Fact. As multitudes of Claymates can attest, thousands and thousands and thousands of phone calls, emails, and personal visits failed to budge radio off its prehistoric boulder, to wit, “Sorry. We don’t do American Idol.”
Not: “Sorry. We think Clay Aiken’s music stinks.” Not: “Sorry. Clay Aiken’s music isn’t radio-friendly.” Not: “Sorry. Clay Aiken’s songs are 13 minutes long [they’re not] and that doesn’t fit our format.”
No,—as with the DJ Stryker’s comment that the hilariously self-described “Credible Rock Radio won’t go near” the music of any artist found through our lovable American Idol discovery machine—-universally the retort to Clay fans was simply some version of “We don’t do American Idol.”
Well, backatcha, buddy.
Puh-leeze. To repeat myself for the purpose of emphasis: besides the mesmerizing Clay vocals, what struck me most about Mr. Aiken’s tromp through pop music history was exactly how worthy HIS pop music is compared to every radio hit he sang.
And it’s not just pop history that makes this point. We live in a world, as I wrote previously here, where Gwen Stefani has a radio hit with “Rich Girl,” a song she lifted from—
a beloved musical about a family fleeing Jewish pograms in pre-Revolutionary Russia and then turned it into a dumber, and more spoilt, version of Madonna’s “Material Girl.” Yet, apparently, the music industry is still bowing before her, intoning “We’re not worthy! We’re not worthy!”
Today I listened to radio for all of 30 minutes and twice heard this new song by Bon Jovi: “Have A Nice Day.”
I kid you not: Bon Jovi, rock royalty, has a new release called “Have A Nice Day” and IT’S GETTING SPINS.
And this is not some joke title, a clever entendre, an ironic caption on a deeply philosophical, poignant and important thought.
It’s truly a song about having a nice day.
Not that there’s anything wrong with that. But I do think there are songs that take that idea and present it in a way that, despite the “Living on a Prayer” guitars and gnarly Bon Jovi vocals, is more than a cartoon.
For example, the Clay Aiken tracks “Perfect Day” and “Shine.”
They are equally about the optimism and attitude that Bon Jovi is expressing in “Have a Nice Day,” but with the important difference that—lyrically, musically and vocally—the Aiken songs actually provide some insight, depth and real substance into how and why one gets from a rotten place to a better place in love and life.
Sure, “Perfect Day” and “Shine” are still pop songs, not Socratic tomes or Robert Browning poems.
But, tell me, how is it that “Have A Nice Day” “belongs” on radio and the Clay Aiken tracks get thrown on radio’s self-appointed toxic waste dump?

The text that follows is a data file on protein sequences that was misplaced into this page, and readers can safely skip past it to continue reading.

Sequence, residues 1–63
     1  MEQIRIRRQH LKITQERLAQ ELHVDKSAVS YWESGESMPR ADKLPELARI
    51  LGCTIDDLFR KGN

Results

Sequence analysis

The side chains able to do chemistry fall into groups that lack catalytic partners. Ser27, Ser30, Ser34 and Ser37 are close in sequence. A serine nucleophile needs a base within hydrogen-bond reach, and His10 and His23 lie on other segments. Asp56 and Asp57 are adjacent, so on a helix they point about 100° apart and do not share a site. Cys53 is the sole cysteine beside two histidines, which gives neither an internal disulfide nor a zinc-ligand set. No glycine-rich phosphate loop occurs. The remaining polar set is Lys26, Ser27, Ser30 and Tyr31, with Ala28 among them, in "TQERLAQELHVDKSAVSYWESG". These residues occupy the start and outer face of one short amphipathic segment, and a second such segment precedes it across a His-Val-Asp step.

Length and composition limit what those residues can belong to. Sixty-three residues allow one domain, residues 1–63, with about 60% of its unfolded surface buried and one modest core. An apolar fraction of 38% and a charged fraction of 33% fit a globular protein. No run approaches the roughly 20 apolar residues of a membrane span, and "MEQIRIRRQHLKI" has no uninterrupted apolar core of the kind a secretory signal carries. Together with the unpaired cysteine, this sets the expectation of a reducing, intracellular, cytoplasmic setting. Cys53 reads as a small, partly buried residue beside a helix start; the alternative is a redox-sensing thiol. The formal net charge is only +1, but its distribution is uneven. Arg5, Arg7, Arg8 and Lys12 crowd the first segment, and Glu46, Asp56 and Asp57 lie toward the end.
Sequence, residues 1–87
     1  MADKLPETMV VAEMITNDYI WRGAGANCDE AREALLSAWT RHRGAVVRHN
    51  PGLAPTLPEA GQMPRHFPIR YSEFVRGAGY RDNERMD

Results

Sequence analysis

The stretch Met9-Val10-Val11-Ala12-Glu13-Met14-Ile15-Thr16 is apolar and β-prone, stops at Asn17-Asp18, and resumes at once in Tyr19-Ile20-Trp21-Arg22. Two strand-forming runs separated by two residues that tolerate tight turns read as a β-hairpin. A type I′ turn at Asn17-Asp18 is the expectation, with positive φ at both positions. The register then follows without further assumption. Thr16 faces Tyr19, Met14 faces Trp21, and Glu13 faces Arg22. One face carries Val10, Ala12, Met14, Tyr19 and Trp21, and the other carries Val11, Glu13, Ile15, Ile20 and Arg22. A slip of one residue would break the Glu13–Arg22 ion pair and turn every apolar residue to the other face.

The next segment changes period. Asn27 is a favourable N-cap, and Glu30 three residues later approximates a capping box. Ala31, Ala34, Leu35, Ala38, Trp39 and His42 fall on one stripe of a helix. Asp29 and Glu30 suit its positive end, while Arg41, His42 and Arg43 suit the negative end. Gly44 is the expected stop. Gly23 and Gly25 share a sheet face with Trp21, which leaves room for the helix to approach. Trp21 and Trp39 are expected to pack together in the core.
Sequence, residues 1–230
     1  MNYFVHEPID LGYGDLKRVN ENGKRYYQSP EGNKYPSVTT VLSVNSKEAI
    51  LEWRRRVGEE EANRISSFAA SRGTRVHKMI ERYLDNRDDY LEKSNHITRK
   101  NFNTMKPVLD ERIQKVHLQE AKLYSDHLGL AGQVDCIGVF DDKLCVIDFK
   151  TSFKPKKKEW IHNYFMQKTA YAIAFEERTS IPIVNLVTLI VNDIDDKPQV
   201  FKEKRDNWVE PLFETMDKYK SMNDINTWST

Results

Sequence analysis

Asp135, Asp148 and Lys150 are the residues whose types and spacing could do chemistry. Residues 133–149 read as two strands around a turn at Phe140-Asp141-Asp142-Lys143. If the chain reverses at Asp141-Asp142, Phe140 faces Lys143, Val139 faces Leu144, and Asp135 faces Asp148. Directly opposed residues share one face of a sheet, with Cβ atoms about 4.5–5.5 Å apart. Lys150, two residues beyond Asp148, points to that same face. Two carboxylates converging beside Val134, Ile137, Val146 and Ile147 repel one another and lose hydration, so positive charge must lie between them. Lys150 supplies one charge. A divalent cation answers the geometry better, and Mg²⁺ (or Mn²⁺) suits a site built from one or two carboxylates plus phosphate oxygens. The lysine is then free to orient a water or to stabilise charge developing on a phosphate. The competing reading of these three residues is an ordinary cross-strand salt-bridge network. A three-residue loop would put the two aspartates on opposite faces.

Look, here’s your idolhabit homework:
Check out Fred Bronson’s book, The Billboard Book of Number One Hits. Pick 10 Number One hits at random (excluding “This Is The Night,” the poignant love potion song by Clay Aiken that hit number one based on sales, not airplay) and look up the lyrics.
Then pick 10 tracks between Measure of a Man and the Bo Bice disc, “Inside Your Heaven” and “Vehicle.”
See if you can discern an audible distinction, such that you—light bulb!—understand why radio chose to play those number one hits and chooses not to play Clay Aiken and Bo Bice.
Then compare the lyrics of the songs on your two lists and tell me if you can discern a poetic distinction such that songs such as “Rockin’ Robin” were worthy of radio’s good graces, but songs such as “Run to Me,” “I Will Carry You,” “The Way,” “Invisible” and Bo’s “Inside Your Heaven” and “Vehicle” were not worthy of ample airplay.
The funny thing is that radio has yet to catch on to the fact that, if it doesn’t watch out and start playing what people actually want to hear (be it artists discovered through American Idol or wherever), people have options. Duh.
But, then again, radio is an industry that still compiles its ratings by having people take a pencil and write down on a piece of paper what they listened to that day, and then put the paper in an envelope, seal it, put a stamp on it and turn it in to the snail mail folks to haul it in big sacks to huge radio ratings office where, probably, Dilbert and friends use their hands to open the envelopes and then use pencils to mark down each ballot before sending the resultant mountains of paper off to the paper counting department where this 20th century process is repeated.
That’s why I’m writing next time about radio and the stubby pencil.
True, the industry is changing. Shazamm, it’s the 21st century, Grandma has an iPod, and Arbitron is just about to roll out a—WHOA!—computerized ratings system for radio.
Okay, so radio just showed up in Peabody & Sherman’s Wayback Machine, having—Three Stooges-like—accidentally pressed the “forward” button.
But it may be too late. American Idol generated fan bases that, more than any other fan groups in recent music history, wanted to and were determined to affect airplay.
True, fan support plus, um, industry support made Kelly Clarkson the darling on Top 40 radio [here] (and deservedly so). Her sophomore disc, Breakaway, is brilliant on several relevant scales.
But otherwise, despite massive fan efforts that, by rights, should have catapulted their guys and gals to the top of the charts, nothing happened.
Nothing happened on the airwaves, that is. But out in real life, a sea change happened. And if radio doesn’t figure out how to ride that wave, it’s going to find itself unable to get tickets to the concerts people actually are attending.Powered by Sidelines